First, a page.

We woke up early and after a light breakfast we headed out to find the Warsaw Ghetto Memorial Wall. We looked up directions on Google maps and they seemed quite straightforward, but getting there was not that easy. After walking around for a few minutes, we did find one of the markers of where the wall went through. It quite a few inquiries until we found a local who walked us to an apartment complex we’d had walked by.  It was a regular building where folks live. In different part of the complex wre two remnants of the infamous ghetto used in movies like Roman Polanski’s The Pianist and the underrated Robin Williams-led Jakob the Liar (before you mention Schindler’s List, let me remind you that that one was set in Krakow, not Warsaw – more on this next.

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It is a very sad place but I guess locals pay little attention to it. Around both memorials life goes on as if these walls had never existed, and they are just part of the background really. As we paid our respects, several English-speaking tourists were lectured by local guides about life inside the ghetto and what came after the Uprising. I tried to listen, but being at the site of such a place – and so close to where we were staying – was a bit overwhelming.

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Remnant of the Original Royal Castle in Warsaw at the Museum of the Warsaw Uprising

Our next stop was the Museum of the Warsaw Uprising, a space created in 2004 to remember the amazingly courageous effort by the residents of the Polish capital to fight against the Nazi occupiers – it could have been successful if Stalin hadn’t ordered his soldiers wait the whole thing out just across the river. The museum depicts the city’s life before and after the war – including the horrible years under communist rule.  Walking through it is very moving because it shows the resilience of the Polish people under crazy odds – and the price they paid.

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lunch at Retauracjia Hector

We had plans to eat at the same traditional restaurant we’d eaten during our 2014 visit, but heavy rain got in the way. We took refuge at a local eatery near  the Culture Palace called  Restauracja Hector,  and after perusing their menu we realized prices were far more affordable. I ordered the kielbasa I was craving since we got to Warsaw, while Renata had Polish-style croquettes. I must say that the food was just as appetizing if not better – and the fact that this was more of a ‘local’ place outside the tourist area made for a much better experience.  We washed our meals down with some very cold Zwiec beer (I also had a shot of ice-cold vodka – the right way to serve the stuff)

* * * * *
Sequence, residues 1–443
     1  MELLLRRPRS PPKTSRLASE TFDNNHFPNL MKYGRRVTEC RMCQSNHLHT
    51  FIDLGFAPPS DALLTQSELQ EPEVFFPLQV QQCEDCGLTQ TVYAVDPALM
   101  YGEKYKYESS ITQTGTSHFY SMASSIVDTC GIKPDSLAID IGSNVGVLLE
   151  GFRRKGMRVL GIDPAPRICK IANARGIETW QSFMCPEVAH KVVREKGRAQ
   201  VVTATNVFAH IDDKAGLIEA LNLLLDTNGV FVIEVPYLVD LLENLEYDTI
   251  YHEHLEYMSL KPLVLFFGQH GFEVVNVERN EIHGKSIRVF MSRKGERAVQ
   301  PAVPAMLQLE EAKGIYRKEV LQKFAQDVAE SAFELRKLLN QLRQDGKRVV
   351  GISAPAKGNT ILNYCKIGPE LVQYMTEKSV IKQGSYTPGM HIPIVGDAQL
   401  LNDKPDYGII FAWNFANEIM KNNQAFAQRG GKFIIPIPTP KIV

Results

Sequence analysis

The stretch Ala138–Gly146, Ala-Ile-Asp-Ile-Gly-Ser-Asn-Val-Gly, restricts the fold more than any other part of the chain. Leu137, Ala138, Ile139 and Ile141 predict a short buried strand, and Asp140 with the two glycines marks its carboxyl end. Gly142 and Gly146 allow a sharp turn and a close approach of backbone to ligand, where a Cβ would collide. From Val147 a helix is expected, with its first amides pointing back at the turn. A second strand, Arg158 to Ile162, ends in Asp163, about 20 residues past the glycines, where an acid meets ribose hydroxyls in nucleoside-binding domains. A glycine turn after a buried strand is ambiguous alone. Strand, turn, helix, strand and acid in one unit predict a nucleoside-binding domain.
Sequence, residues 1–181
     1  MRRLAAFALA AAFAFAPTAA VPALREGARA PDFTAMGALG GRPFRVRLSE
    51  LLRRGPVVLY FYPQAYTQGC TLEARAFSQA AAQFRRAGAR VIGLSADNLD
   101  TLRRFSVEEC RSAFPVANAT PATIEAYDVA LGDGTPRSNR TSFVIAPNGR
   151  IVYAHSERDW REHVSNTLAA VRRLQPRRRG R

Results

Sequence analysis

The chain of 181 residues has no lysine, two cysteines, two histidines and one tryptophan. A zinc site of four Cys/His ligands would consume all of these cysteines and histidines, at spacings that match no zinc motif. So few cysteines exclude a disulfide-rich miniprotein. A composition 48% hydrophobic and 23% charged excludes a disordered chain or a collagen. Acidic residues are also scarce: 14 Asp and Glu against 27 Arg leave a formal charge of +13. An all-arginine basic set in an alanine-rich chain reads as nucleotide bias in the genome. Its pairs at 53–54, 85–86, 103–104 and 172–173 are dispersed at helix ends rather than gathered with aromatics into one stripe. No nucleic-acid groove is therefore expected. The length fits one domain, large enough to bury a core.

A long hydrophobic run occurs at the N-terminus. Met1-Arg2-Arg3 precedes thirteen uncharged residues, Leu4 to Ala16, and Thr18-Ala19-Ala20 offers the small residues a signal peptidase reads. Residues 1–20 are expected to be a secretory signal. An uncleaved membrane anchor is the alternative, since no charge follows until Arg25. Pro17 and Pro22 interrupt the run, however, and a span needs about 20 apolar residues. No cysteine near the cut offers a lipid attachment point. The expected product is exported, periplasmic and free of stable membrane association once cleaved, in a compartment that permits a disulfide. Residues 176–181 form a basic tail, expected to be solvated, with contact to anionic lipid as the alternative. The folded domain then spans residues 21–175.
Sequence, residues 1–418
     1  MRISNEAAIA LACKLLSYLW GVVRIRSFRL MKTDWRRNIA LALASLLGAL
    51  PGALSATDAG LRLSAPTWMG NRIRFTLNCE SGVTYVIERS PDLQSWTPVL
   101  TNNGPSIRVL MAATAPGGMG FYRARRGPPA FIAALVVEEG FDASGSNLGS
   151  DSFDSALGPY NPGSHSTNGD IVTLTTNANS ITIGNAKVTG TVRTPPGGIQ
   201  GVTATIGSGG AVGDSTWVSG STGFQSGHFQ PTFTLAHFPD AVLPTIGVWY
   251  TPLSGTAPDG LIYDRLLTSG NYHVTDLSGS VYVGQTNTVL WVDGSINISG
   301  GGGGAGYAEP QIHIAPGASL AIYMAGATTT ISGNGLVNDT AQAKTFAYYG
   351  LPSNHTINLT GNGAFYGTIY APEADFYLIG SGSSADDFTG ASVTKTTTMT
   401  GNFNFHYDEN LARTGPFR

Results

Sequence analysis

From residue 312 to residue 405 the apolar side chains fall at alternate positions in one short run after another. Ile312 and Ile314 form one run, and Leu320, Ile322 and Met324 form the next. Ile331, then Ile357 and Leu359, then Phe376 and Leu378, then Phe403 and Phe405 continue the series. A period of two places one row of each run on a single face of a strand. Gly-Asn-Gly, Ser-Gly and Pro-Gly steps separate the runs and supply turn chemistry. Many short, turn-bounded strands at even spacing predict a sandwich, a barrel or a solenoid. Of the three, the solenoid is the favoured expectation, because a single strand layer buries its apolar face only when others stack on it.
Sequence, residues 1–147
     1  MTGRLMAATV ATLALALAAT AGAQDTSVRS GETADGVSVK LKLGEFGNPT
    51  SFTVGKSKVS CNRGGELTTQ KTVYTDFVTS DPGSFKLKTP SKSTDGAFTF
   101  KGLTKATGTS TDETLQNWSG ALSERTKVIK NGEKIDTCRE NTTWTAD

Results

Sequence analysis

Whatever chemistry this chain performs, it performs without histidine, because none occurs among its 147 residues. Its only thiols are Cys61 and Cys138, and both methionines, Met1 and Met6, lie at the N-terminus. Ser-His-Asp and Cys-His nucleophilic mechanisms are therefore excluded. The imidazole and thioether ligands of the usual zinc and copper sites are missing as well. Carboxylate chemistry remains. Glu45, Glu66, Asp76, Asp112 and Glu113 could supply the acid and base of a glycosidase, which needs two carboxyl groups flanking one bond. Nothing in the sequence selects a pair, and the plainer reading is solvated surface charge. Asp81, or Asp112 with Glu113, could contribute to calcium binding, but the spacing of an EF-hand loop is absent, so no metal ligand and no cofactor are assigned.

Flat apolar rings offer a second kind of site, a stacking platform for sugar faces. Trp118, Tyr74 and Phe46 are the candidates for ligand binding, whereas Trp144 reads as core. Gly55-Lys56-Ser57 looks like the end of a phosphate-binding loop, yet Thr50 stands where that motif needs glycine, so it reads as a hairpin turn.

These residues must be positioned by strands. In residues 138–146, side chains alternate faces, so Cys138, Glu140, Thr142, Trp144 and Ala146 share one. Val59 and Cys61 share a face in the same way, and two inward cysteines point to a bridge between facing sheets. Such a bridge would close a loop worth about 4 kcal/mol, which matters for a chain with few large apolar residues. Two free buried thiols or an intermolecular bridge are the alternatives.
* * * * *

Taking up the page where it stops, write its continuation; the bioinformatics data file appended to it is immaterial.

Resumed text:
Considering we had a very early start the next day, we just strolled by the shopping mall by our hotel and checked out a feel deals and then retired back to our hotel –  we woke up the next day and headed to the airport, where LOT would take us to Krakow and then Zakopane – a place we had yet to discover.

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Responses

  1. Great read…I love the picture of the food, but was that really the food you ate or a stock picture.

    It amazes me how people can live and work by such evocative places, like the Warsaw Ghetto, and pay it no mind. I worked near the 9/11 memorial for a few years and there was not a day that went by I wasn’t effected in some way, shape or form. Just looking, walking past it, would make me think or feel things. I guess I’m weird. Thanks for the post my man…Good stuff this…

    • The sausage is the actual one I ate. As for the drinks, that’s from the website. As for the ghetto wall, I think enough time has passed that folks are not really affected by what the place represents. Folks live around Auschwitz too, it’s a residential neighborhood (more on this on the next post)

  2. Very nice trip.Very nice account.. I wish I were with you. I would not bother you. Remember that Ben and Toddy follow me and Barte during the first part of our honey moon?LOL. I was the beguining of all wrongs…….

  3. […] left our Warsaw hotel at the crack of dawn on Sunday morning and headed to the airport, where we took a short flight to […]

  4. […] surprised that we never ate beef save for very exceptional situations – an example being, say a trip to Poland where Gołabki (stuffed cabbage) is inevitably made with […]